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Haryana and Punjab see slow progress in crop diversification

The survey said there was a need to diversify crops and horticulture, pulses and oilseeds act as avenues for diversification.

Haryana and Punjab see slow progress in crop diversification
The crop diversification would entail financial incentives to farmers, procurement of crops by state agencies at MSP rates and incentives for processing facilities. (IE)

Efforts by Haryana and Punjab governments in recent years to diversify crops and thereby arrest the depletion of water tables owing to large-scale cultivation of wheat and rice haven’t made much headway. Guaranteed procurement of rice and wheat by the government at minimum support prices (MSPs) has made farmers to stay with these water-intensive crops.

The Haryana government, which has been implementing a crop diversification plan since 2020, by providing financial incentives of Rs 7,000/acre to farmers for shifting from paddy to pulses, oilseeds and cotton, has so far covered only 53,000 acre in this kharif season.

While coverage of crop diversification in the state is still low against the total cropped area of around 3.5 million hectare, state government officials say that it could take couple of years more for the farmers to shift out of paddy cultivation in a meaningful manner.

The financial incentives are being provided to farmers in Haryana for keeping the land fallow so that soil nutrient content could increase.

“In 2020, more than 100,000 acres of land was covered under crop diversification, which had declined by half this year because farmers have been reluctant to shift from paddy on a large scale because of assured procurement of the crop,” Hardeep Singh, director general, department of agriculture, Haryana, said.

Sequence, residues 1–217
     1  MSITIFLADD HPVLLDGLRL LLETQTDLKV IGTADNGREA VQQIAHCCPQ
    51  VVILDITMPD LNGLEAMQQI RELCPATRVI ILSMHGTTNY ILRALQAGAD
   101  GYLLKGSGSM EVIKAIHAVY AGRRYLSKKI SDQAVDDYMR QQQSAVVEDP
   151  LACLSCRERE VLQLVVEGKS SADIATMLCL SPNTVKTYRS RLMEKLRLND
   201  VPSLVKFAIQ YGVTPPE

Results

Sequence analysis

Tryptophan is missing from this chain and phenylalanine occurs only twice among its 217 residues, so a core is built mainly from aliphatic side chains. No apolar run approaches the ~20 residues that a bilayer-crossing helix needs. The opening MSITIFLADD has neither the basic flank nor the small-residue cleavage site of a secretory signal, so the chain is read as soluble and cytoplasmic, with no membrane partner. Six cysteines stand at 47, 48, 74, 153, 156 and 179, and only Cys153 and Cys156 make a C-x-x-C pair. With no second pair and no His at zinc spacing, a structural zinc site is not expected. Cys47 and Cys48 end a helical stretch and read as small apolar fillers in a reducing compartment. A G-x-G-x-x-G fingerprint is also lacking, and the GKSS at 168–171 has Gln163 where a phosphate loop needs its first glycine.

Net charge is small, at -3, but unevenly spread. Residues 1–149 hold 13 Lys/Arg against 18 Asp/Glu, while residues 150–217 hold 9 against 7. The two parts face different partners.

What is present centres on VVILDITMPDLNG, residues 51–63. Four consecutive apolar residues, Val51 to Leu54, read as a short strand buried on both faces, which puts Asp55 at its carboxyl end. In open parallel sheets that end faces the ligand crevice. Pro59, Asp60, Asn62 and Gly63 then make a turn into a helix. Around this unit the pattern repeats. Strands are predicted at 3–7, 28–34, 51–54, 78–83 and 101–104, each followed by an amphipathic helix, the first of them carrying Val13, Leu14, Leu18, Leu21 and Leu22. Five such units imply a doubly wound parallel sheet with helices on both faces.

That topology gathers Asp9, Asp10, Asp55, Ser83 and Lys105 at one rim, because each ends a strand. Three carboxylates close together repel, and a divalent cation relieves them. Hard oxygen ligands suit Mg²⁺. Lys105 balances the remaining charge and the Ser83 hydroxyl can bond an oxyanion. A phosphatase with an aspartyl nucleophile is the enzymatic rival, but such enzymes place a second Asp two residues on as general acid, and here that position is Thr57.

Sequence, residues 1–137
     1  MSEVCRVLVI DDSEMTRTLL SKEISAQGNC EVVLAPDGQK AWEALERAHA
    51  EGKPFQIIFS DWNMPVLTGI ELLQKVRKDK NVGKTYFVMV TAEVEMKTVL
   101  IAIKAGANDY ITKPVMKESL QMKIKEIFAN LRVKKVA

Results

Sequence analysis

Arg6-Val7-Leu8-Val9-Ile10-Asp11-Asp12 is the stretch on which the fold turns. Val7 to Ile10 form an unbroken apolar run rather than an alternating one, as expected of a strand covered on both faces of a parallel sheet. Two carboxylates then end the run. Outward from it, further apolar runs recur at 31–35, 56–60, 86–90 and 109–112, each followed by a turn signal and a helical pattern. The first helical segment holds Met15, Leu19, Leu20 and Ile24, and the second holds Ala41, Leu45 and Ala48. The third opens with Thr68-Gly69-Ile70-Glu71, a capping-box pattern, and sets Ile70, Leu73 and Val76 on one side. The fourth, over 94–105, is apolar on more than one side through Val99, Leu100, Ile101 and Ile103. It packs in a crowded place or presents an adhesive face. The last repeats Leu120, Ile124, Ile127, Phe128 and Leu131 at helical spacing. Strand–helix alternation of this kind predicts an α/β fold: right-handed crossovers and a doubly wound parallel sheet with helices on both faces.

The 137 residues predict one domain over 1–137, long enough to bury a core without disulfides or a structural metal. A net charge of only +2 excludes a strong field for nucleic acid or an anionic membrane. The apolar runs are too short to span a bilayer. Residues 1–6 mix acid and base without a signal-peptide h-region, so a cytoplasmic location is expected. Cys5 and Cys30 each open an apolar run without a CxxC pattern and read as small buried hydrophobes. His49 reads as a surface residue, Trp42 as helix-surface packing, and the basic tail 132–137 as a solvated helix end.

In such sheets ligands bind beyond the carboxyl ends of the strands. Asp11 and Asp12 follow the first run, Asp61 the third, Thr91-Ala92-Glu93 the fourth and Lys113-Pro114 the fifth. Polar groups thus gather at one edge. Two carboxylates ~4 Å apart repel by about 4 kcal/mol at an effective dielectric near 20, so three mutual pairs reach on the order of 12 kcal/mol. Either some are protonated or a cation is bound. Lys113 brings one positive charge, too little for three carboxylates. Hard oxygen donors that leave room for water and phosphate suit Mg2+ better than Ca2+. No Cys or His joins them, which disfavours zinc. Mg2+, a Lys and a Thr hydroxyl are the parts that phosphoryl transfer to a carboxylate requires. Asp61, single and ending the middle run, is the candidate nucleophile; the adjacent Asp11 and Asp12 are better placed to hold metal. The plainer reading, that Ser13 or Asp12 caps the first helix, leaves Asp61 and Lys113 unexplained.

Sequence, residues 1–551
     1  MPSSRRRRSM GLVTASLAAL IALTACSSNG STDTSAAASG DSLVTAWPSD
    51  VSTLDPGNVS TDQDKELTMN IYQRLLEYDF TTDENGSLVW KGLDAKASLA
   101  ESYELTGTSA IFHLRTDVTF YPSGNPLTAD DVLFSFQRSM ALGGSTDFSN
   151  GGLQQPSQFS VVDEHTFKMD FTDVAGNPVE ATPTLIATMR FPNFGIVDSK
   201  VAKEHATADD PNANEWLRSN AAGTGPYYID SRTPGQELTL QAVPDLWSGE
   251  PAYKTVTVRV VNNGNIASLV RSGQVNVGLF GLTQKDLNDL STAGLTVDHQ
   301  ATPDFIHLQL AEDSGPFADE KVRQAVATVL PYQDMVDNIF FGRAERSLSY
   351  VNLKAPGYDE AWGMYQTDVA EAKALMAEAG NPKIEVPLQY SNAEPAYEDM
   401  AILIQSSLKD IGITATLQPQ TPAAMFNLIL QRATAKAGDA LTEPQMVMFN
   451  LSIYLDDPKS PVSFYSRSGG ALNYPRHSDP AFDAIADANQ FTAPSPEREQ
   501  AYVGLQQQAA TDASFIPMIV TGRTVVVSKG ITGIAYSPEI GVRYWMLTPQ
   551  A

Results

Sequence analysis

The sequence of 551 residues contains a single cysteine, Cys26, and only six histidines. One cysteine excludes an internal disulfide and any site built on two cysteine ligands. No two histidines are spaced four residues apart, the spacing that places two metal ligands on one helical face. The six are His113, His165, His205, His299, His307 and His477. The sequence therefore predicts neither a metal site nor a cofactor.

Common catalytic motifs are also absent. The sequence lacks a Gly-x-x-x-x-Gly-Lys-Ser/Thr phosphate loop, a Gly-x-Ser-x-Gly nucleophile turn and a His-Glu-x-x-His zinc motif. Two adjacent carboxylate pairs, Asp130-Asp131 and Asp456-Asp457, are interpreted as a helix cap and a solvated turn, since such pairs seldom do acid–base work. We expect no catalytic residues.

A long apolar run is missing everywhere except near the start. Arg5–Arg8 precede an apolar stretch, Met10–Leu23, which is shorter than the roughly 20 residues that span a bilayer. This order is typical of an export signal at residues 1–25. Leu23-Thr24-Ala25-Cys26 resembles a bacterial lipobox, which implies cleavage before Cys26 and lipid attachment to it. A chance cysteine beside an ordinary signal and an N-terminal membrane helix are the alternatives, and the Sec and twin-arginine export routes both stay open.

Alternately the Haryana government is encouraging farmers to adopt direct seeding of rice (DRS) which consumes less water, improves percolation and reduces dependence on farm labourmethod. In around one lakh acre, paddy has been translated using direct seeding method this season.

After non-adoption of earlier crop diversification by farmers, the Punjab government is expected to announce a new plan soon, whereby around a million hectare or a third of the paddy grown areas in the state would be gradually shifted to alternative crops such as cotton, maize, oilseeds and pulses, over the next five years.

According to Gurvinder Singh, director, agriculture department, the state government will also provide incentives to farmers for shifting around 10% of wheat area to alternative crops such as oilseeds and pulses.

The crop diversification would entail financial incentives to farmers, procurement of crops by state agencies at MSP rates and incentives for processing facilities. Annually, around 0.1-0.2 million hectre paddy sown will be shifted to alternate crops.

Stating that paddy cultivation has led to over-exploitation of ground water resources in the state, the Punjab Economic Survey (2020-21) had stated ‘cultivation of rice would need the use of submersible pumps which are expensive, and unlikely to be suitable for marginal and small landholding farmers”.

The survey said there was a need to diversify crops and horticulture, pulses and oilseeds act as avenues for diversification.

According to experts, the progress of crop diversification in Punjab and Haryana, leading contributor to the central pool stock, has been slow because of the open-ended rice and wheat procurement system followed by Food Corporation of India (FCI) and state agencies, farmers are reluctant to adopt less water intensive crops because of lack of procurement or marketing avenues.

Under the crop diversification programme (CDO) of the agriculture ministry, assistance is given for alternative crops demonstration, farm mechanization and value addition. Under CDP 0.63 million hectre area during 2013-14 to 2020-21 has been brought under demonstration to the farmers.

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